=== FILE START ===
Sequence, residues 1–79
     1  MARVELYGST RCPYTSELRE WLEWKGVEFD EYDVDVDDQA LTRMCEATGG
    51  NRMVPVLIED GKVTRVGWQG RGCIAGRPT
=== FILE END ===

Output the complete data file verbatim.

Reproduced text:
Sequence, residues 1–79
     1  MARVELYGST RCPYTSELRE WLEWKGVEFD EYDVDVDDQA LTRMCEATGG
    51  NRMVPVLIED GKVTRVGWQG RGCIAGRPT